- The Magazine
If you have been in the mood to shake up your social and cultural identity perceptions, this has been the theater season for you.
There has been Arena’s Disgraced, with its Muslim-American protagonist and his post 9/11 struggles, a female Bottom, courtesy of the Folger Theatre’s A Midsummer Night’s Dream, and the Shakespeare Theatre Company’s Taming of the Shrew with its gender-rattling all-male cast. If that isn’t enough, now comes Woolly Mammoth’s An Octoroon (), Branden Jacobs-Jenkins’ contemplation of race via a zanily-provocative adaptation of a late nineteenth-century play by Dionysius Lardner Boucicault.
Of all of these challenges to identity perceptions, Jacobs-Jenkins’ is certainly the boldest. Riffing on the late-Victorian era, in which black characters would have been played by whites in blackface, he goes hell-bent-for-leather first in mixing and matching face paint and races and then in writing them into roaring stereotypes, per Boucicault’s melodramatic style. If this isn’t enough, he throws in a couple of female plantation slaves who sound like they could be sitting in the next cubicle. And just in case you don’t get the point that we are travelling down Jacobs-Jenkins own unabashedly hallucinogenic rabbit-hole, there is, in fact, a giant rabbit around.
If this sounds like chaos, rest assured it’s contained. It may feel like a throw-together of vaudeville, sketch comedy and some kind of “pick-up” theatrics, but it is highly choreographed entertainment and — thanks to director Nataki Garrett’s ability to spin plates in the air — delivers a steady stream of interesting moments and ideas. And there is something palpable that unites the antics, a tone that is never fully comic nor fully tragic (save for one moment of historical reality), but is more accurately described as ambivalent. It is strongly “meta,” not only because the modern playwright character BJJ occasionally breaks in to talk to the audience, but in it’s very approach to the material. There is no moment here that doesn’t comment on itself, ironically or otherwise. It is an interesting and effective lens, one that adds a layer of wit and provocation and also successfully asks: what do you think?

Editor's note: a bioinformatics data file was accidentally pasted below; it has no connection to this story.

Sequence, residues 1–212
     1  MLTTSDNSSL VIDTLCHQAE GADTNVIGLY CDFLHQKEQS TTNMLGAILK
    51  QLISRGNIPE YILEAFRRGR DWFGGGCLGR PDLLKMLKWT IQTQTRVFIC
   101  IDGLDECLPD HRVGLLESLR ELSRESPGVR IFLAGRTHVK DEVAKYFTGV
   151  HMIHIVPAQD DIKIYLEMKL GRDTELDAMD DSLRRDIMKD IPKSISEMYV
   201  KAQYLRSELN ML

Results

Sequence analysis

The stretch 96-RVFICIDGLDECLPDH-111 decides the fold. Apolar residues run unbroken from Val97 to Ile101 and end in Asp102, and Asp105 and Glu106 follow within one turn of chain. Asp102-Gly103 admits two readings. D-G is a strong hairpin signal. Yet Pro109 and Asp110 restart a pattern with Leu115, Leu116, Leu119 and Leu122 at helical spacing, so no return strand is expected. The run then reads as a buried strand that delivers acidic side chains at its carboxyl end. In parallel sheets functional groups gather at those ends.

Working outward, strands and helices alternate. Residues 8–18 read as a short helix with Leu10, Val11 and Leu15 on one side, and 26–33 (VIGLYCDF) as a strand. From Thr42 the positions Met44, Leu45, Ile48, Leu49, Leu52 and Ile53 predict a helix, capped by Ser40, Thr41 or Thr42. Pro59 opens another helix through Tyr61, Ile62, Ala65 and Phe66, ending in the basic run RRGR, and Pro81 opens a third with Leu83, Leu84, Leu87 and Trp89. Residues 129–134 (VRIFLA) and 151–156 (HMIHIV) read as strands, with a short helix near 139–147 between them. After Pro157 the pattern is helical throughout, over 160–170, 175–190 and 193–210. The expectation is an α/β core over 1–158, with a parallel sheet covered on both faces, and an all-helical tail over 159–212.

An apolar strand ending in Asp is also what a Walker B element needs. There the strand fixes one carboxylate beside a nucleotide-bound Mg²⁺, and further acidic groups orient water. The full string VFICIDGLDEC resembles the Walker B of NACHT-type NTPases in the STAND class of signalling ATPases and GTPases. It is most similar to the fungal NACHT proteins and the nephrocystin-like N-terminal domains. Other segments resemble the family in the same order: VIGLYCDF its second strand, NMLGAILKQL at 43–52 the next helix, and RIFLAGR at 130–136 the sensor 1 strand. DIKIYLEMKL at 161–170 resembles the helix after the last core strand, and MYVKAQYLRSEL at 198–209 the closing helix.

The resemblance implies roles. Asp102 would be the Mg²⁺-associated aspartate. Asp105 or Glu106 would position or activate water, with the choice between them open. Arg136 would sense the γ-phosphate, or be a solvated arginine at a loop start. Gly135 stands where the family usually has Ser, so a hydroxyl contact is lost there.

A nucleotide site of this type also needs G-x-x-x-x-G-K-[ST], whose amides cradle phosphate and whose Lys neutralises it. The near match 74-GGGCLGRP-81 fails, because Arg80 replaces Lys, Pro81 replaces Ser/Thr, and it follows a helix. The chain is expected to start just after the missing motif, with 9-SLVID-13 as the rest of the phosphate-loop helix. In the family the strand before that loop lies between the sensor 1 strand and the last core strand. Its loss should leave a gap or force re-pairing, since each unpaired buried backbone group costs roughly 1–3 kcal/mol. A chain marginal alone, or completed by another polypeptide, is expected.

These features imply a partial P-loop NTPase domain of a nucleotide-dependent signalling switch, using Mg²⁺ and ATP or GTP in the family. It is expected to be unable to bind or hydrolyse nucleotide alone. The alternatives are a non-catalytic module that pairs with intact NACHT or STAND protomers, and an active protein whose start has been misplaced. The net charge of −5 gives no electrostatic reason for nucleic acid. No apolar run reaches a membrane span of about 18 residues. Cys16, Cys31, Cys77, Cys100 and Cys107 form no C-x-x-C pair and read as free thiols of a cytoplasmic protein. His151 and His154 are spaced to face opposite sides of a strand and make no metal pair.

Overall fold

Though it arrives through a hedge backwards, the plot of the original play remains intact, following — at least schematically — Boucicault’s melodrama centered around plantation life. It’s a story allowing for plenty of modern reflection on race relations, past and present, and Jacobs-Jenkins’ choice to work it, without question, makes one think — and laugh. Whether it makes one feel is another question.
And this is where the tumultuous marriage of the rather labored Boucicault and the rather frenzied Jacobs-Jenkins comes into play. Apart from a projected image that arrives two-thirds of the way into the production, between these two extremes there just isn’t much space in which to feel. There is too much vaudevillian chaos, too much arch and wooden language, too much OTT caricaturing, too much breaking of the fourth wall, and too much fisticuffing in the final scenes.
With this much going on, it takes a strong cast to bring not just the momentum, but the clarity of ideas. Carrying the production, without doubt, is Jon Hudson Odom, playing not only the playwright BJJ but also the two white leads, George and M’Closkey (in white-face). Odom ably distinguishes between his three characters, leaving the slightly snarky, slightly sanctimonious BJJ his most memorable. His ability to offer a powerful, intense presence in all his roles is a good one — he is a strong anchor in the melee.
But as essential as Odom is, the real joy here — and much of the humor and pathos — come with Minnie and Dido, the two slaves who appear in interludes to comment on life on the plantation and the goings-on of the white people. Speaking in modern vernacular, these women suggest the separate worlds of Boucicault’s age, but also of our own. They are the voices of people who have no choice but to deal with their “otherness,” and yet in doing so they rise above it, turning the tables to reveal that everything is, in the end, relative. None of this would have come through without the stellar performances of Shannon Dorsey as Minne and Erika Rose as Dido and their immensely convincing chemistry. They steal the show.
That said, the ensemble is strong, with Kathryn Tkel delivering a sweetly earnest Zoe, Jade Wheeler a very comical Grace, and Maggie Wilder playing it to the hilt with her Southern Belle, Dora. As Pete and Paul, the two male slaves, Joseph Castillo-Midyett is best as the older man, channeling racist caricatures that bring some good laughs, but also subtly suggesting the ambivalent struggle to stay in favor. James Konicek creates a suitably big presence in his roles, even if he doesn’t quite sync into Jacobs-Jenkins’ pacing and rhythms. Jobari Parker-Namdar keeps it subtle with his Br’er Rabbit and completely hilarious with his steamboat captain, Ratts.
These excellent players bring out the best in Jacobs-Jenkins’ crazed ride, but they can’t quite cover for what’s missing: the kind of intellectual cogency that leads us somewhere new. It’s a conclusion complicated by the fact that this is the same Jacobs-Jenkins that penned last season’s superbly insightful, nuanced and often hilarious, Appropriate — another vision of the South and its complicated legacy. Such disparate work reveals a talented playwright who is brave enough to experiment. Hard to fault, if sometimes hard to follow.
An Octoroon runs to June 26 at Woolly Mammoth, 641 D Street NW. Tickets are $20 to $128. Call 202-393-3939 or visit woollymammoth.net.
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